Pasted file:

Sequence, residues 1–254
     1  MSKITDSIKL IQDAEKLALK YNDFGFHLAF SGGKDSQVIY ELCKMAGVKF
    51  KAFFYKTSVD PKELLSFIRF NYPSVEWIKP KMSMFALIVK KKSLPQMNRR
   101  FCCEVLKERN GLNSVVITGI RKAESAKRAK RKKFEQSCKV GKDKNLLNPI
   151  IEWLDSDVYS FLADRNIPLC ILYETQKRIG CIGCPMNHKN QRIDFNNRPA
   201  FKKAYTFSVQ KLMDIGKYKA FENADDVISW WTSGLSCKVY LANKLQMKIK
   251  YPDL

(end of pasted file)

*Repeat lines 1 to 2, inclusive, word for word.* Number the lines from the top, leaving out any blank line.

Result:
Sequence, residues 1–254
     1  MSKITDSIKL IQDAEKLALK YNDFGFHLAF SGGKDSQVIY ELCKMAGVKF